Underworld is designed to solve some of the special problems relevant to modeling geodynamic processes. Identical problems arise in the modeling of ice. Some of these challenges are as follows:
the modeling of discontinuities in the material properties at layer boundaries, for instance, at the ice–rock and ice–air interfaces;
gradients within the ice, for instance, due to strain softening or thermal effects;
the tracking of the strain history;
the often extreme spatial extent of the modeled systems;
the very strong deformation of the material.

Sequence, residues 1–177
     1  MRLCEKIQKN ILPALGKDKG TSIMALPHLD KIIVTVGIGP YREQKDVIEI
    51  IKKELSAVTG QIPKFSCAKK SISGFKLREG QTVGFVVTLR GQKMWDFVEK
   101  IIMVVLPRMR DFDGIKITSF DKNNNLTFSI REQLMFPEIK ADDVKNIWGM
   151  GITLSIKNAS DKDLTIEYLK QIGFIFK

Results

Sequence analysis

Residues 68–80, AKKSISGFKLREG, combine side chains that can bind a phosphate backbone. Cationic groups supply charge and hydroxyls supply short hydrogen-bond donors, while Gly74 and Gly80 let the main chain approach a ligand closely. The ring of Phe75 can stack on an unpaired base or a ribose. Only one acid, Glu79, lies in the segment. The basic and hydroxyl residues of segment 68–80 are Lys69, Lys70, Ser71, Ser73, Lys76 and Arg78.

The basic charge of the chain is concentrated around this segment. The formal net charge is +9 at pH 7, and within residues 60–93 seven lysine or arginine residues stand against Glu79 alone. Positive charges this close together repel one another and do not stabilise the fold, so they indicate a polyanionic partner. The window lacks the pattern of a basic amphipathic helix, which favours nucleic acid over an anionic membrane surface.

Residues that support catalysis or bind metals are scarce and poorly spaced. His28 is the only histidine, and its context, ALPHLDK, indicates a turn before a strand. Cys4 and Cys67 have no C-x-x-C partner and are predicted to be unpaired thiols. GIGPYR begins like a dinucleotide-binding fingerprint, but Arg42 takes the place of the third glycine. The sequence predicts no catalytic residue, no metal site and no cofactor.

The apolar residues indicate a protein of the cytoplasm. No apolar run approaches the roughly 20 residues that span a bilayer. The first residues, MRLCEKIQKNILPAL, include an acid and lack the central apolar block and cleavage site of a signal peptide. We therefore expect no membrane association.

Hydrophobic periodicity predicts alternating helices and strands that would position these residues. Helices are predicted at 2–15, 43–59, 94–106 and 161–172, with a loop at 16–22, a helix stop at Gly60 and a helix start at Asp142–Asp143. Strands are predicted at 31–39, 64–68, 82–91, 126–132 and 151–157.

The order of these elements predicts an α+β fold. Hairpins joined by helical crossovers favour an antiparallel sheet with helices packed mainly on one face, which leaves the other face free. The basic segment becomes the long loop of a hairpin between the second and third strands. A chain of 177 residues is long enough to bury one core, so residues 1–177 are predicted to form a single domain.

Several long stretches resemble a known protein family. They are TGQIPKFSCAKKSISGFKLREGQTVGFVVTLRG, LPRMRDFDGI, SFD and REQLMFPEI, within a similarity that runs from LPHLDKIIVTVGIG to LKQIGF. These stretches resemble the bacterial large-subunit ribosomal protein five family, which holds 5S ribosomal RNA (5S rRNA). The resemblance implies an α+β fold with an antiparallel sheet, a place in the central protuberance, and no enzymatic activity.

Underworld addresses these issues with the so-called material point method (MPM) (Sulsky et al., 1994; Moresi et al., 2003), which is closely related to the venerable particle-in-cell (PIC) method. MPM uses a Eulerian finite-element mesh in order to calculate the incremental development of the velocity field and other field variables, such as, temperature and pressure. In the MPM method, Lagrangian material points (“particles”) carry the density, viscosity, thermal conductivity and other relevant material parameters. They thereby record the history at their current location at every time step and some historical properties like the stress at previous time step for simulations of viscoelastic deformations (Farrington et al., 2014). The underlying mesh provides solutions for the incremental movement of the material points. The method is advantageous in the modeling of the emergence of structures (e.g., folding; see Mühlhaus et al., 2002) or where very strong deformation is involved, as in the deformation across shear zones or near the base of an ice sheet. In MPM, the mesh does not carry any history information other than deformation of the boundary and therefore can be re-meshed at any time as required and without loss of accuracy.